Re: [OPE-L] Falling Rate of Profit as Science Fiction?

From: Jerry Levy (Gerald_A_Levy@MSN.COM)
Date: Sun Mar 05 2006 - 09:52:40 EST

> Just quickly, I have provided a brief answer to some of your queries here:

Hi Jurriaan,

Your wikipedia entry in the section on "Empirical Evidence" recognizes
some of the questions I raised.  E.g. in that section you wrote:

              "correlation does not imply causation. Just because a fall in
                profitability is observed, this does not prove any imply any
                particular *causal* theory about *why* it has fallen ...."


When you state that:

             "Most economic historians agree that, at the beginning of
              the great economic depressions or recessions in the history
              of capitalism (measured by a drop in output), there typically
              has been a downslide in the observed average returns on
              capital invested in industries, reducing the incentive to
              invest, and consequently raising unemployment."

aren't you stating the obvious?  (this is not a criticism: in certain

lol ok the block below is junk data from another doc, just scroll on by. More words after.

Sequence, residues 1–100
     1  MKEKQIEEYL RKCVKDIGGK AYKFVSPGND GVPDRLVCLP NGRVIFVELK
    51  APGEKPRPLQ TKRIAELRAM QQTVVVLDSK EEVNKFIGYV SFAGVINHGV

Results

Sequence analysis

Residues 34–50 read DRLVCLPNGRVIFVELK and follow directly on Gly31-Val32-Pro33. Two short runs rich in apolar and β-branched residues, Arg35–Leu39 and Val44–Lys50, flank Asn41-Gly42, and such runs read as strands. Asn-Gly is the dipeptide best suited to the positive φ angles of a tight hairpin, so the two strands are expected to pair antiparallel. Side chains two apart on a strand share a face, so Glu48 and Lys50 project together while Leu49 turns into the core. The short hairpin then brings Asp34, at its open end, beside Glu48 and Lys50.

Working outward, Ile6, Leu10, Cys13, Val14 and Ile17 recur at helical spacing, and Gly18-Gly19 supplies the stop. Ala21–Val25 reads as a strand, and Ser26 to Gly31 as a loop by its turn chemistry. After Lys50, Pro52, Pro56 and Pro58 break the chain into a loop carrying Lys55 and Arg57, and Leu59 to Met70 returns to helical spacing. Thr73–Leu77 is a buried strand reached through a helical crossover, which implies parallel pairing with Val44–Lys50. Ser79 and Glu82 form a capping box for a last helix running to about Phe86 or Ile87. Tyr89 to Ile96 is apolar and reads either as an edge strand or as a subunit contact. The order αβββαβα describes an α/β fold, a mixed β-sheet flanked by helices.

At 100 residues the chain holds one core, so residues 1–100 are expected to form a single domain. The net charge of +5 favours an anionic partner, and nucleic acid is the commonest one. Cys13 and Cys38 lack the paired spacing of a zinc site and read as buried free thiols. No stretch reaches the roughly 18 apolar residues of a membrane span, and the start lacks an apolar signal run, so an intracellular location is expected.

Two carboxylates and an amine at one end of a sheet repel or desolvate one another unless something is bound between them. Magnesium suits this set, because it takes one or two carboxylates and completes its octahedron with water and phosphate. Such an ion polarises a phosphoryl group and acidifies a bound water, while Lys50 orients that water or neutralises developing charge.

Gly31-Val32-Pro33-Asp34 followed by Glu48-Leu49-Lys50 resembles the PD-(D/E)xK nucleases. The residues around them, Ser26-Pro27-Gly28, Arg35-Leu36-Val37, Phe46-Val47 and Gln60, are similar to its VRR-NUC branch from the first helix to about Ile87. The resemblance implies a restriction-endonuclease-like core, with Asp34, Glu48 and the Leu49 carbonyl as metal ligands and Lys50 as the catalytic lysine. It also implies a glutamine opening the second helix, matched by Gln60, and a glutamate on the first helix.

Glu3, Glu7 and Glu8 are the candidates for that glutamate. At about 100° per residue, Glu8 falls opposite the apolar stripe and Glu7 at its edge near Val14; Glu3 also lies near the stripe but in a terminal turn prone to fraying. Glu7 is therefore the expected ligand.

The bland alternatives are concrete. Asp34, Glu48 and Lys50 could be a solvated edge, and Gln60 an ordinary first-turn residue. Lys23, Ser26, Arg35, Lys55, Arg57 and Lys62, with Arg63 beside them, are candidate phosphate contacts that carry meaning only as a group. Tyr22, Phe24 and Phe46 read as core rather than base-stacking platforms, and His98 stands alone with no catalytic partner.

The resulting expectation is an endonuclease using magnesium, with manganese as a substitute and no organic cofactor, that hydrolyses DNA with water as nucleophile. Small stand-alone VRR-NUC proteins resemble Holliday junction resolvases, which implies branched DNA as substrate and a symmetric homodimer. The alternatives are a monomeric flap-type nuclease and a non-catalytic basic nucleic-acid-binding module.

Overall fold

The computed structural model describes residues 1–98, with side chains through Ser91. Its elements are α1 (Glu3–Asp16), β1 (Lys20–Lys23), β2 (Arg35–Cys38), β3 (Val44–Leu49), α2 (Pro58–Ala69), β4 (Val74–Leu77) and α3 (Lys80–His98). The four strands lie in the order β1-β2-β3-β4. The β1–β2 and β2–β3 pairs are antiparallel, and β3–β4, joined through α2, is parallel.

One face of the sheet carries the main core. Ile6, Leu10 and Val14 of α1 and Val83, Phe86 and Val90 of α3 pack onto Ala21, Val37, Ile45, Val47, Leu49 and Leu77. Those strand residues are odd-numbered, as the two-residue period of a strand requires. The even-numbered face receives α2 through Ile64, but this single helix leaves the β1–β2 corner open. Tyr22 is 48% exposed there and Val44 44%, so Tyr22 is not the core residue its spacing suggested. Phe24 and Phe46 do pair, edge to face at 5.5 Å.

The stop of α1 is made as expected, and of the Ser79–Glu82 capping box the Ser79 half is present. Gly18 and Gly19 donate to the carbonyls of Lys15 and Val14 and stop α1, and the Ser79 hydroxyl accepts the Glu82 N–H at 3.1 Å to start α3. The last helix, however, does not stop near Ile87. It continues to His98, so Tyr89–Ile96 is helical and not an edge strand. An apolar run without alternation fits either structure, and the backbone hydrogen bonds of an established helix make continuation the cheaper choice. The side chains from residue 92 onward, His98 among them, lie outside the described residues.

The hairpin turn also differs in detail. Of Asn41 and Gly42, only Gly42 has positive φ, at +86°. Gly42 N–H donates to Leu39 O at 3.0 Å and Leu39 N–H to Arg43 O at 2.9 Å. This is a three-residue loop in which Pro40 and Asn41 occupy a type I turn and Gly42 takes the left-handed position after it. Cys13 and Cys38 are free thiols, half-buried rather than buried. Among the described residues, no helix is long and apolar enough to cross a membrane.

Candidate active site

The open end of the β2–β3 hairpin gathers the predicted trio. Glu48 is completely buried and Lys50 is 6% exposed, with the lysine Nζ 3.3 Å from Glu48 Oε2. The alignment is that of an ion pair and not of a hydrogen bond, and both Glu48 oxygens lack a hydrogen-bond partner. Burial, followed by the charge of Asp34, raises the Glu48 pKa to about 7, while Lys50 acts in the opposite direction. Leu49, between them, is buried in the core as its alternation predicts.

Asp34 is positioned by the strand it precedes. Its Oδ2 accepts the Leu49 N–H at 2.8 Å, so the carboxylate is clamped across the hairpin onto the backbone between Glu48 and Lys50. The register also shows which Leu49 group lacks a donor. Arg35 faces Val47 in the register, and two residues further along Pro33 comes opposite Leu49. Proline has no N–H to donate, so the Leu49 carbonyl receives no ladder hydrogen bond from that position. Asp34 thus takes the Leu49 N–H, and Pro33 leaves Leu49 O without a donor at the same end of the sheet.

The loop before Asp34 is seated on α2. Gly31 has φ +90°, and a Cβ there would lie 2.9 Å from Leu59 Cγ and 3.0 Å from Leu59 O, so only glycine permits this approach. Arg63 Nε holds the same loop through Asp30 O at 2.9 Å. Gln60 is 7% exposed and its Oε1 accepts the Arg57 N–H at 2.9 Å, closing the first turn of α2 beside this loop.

contexts, it's important to state the obvious.) So profitability typically
declines at the beginning of a depression, what does that tell us?
Isn't it a claim which advocates of just about every economic
theory could agree with?

When you go on to write:

            "At best Marxian economics has convincingly argued that
             profitability is the synthetic, overall indicator of the
             'economic health' of the capitalist system ...."

you are stating a conclusion that just about all of the *critics* of the
TRPF would *agree* with: to claim that profitability is an important
indicator of 'economic health' of capitalism is a profoundly
uncontroversial claim.

Then you add (as the end to the previous sentence) that "economic
crises are *system-immanent*, i.e.  capitalism is inherently crisis-
prone, because of its institutional structure and the way it functions."

What does it mean, though, to say that capitalism is "crisis-prone"?
One could examine the same historical data on cycles and just as
easily write that it is "growth-prone"!   Isn't saying that capitalism
historically is crisis-prone simply recognizing that capital accumulation
proceeds in a  *cyclical*  way and that in some time periods the rate
of profit grows and  in other periods it declines?  From that perspective,
isn't it a *tautology*?

The issues I raised (in my previous post and above) were not postmodern
Marxist inspired, btw.

I'll send another post shortly following-up on the issue of "capitalism
in crisis."

In solidarity, Jerry

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